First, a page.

In Brangstrup on Funen has been found a number of close to similar pendants in gold, some of them undecorated. They are regarded by Herbst, Alfoldi, Forssander, Petersen and Werner as coming from the Cerniachov- Sintana-de- Mures-culture. (Kent Andersson 1995, p.41) Finnestorp has traditionally earlier been seen as connected with the Heruls, and this probably caused by Fabech's theories in Skåne. I instead see these pendants as indications of Gothic connections and the present excavation-leader more and more leans towards an inclusion of both Goths and Heruls, since the find period covers that long time.(Bengt Nordqvist, pers.com.) In Vastergotland is also a popular lore about the Hunahar, i.e. the Hunnic army, which could be an obscure oral tradition reminding of returning Ostrogoths.


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Fig. 24 Left: Lunulashaped harness-pendant from the Finnestorp-find. Source: Ulf Viking 1987, p. 171.

Right: Lunula-shaped pendants from Brangstrup on Funen. Cut out from picture in Kent Andersson 1995, p. 41.

Other significant finds in both Finnestorp and Vannebo, which also is excavated by Bengt Nordqvist, are bridle-chains of matching types, and of a definitely Eastern European origin. In this connection I will also remind of a find of a fragment of such a bridle-chain in Skanings-Asaka in Vastergotland, which according to Ulf Erik Hagberg (U.E. Hagberg 1979, p. 295 ff) answers to objects in the Skedemosse sacrifice-find on Oland, Kassviken in the Orsunda-stream, Torsbjerg in Angeln and Ejsb0l in Denmark. In Sweden there were approximately 10 finds until the last diggings in Finnestorp and Vennebo where, as mentioned, still more have been found till now. In the rest of Scandinavia there are about as many as the old figure. They all have one thing in common, namely that they are considered to be sacrifice-finds, and it is to note that bracteates and solidi remarkably often have been found together with them.


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Fig.25 Left: Bridle-chain excavated in Finnestorp Middle and right:Two of the harness-plates with ornated-pattern in gilded bronze found in Finnestorp and with an estimated dating to the 5th c.AD. Source:Bengt Nordqvist.





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Fig. 27 Above left: full sice and detail-enlarged parry-pin for horse-bridle. Below left: press-plate from sword sacbbard, gilded. Above right: a sample of finds from Finnestorp. Below right: a horse-headed saddle-ftting from Vannebo. Source:

Bengt Nordqvist.




The finds referred to above definitely indicate a very strong connection between Vastergotland and the Continental Germanics in South-Eastern Europe during the time the Goths were as most active both inside the Roman empire and also as Hunnic allies. The saddle-equipment found also indicate, that these warriors fought in a manner inspired by the Huns. This is also clearly demonstrated in Hogom, where the dead chieftain had a complete Hunnic set of bow, arrows and various specialized spears meant for fighting on the horseback. The parry- pins are identical with those found in Hogom. It is worth remarking that Hogom is situated at the main-trade route from Norway to the Baltic showing that also the Norwegians easily could access the Baltic area without having to sail southwards, and that close connections were kept also this way between the two kin- folks. The Hogom equipment accordingly as well could have a Norwegian connection.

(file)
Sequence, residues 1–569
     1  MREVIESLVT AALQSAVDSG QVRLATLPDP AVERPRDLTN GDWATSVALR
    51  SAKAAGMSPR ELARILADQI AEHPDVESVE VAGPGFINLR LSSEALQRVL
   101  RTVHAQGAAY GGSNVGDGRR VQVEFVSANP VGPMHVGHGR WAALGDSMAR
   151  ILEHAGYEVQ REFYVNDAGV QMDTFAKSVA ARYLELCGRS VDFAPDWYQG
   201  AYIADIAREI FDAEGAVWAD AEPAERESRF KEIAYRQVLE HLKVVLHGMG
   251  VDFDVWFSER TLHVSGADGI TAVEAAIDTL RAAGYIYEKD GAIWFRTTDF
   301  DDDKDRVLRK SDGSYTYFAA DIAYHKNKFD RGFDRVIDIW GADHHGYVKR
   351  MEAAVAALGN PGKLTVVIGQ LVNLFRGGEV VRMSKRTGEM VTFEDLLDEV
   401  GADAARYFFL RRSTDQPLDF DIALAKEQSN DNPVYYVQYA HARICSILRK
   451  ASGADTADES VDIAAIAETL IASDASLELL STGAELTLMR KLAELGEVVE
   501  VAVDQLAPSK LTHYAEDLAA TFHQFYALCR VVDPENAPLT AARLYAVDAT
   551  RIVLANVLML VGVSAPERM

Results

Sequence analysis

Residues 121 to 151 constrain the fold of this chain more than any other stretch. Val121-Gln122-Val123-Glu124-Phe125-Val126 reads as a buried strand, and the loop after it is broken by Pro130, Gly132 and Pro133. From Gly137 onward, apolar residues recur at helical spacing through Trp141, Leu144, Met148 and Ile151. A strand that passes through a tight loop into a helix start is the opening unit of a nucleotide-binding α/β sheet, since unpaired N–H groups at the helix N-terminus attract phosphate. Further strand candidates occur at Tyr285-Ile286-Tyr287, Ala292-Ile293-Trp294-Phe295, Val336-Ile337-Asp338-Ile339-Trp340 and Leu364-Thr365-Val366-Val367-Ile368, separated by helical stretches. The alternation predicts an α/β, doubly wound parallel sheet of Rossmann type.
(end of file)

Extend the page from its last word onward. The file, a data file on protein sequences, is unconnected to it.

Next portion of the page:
The famous Timboholm gold-treasure hord in Vastergotland, which weighs more than 7 kilograms, is by Ulf Erik Hagberg considered a royal treasure, even if it mostly consists of payment-gold. (U.E. Hagberg 1985, p.107) In this connection primarily a bracelet of gold is interesting, since similar links have been found in princely graves on the Continent.

Fig. 28 The Forsbyring. Source: Kent Andersson 1986, p. 48.




In Vastergotland also another interesting find has been made, which has parallels on four other find-sites.At Skattegården, Hogåsen in Forsby a golden ring from the 200-300's AD was found with a plane-grinded carneol fastened in a soldered bottom-plate, and with filigran- thread and stamp-decor. It has caused an extensive discussion whether it is a Nordic, Gothic or Roman work. Kent Andersson lately has decided it is an East- Roman provincial work, and hence we have a natural contact-surface with the Goths. Similar finds have been made in Vrangstrup, Varpelev, Ravnkilde and Søndre Kjørstad.(Kent Andersson 1986, p.147 ff) The Forsby-ring has an unique decoration with stamped tri-peds, wich else do not appear in the North with exception of three Gotlandic snake-head-rings from Etelhem, Garda and Hejnum (Kent Andersson 1986, p.155) who however are native. This clearly demonstrates an eastern and southern contact, and an from outward coming style-influence. A rather similar and very magnificent ring at SHM has beenfound at Fullero in Gamla Uppsala parish. It is Provincial-Roman, and that it has been found in a grave from the 5th c.AD together with a gold-coin from the reign of Maximianus, which has been worn as an pendant. (Kent Andersson, 1994,p.32)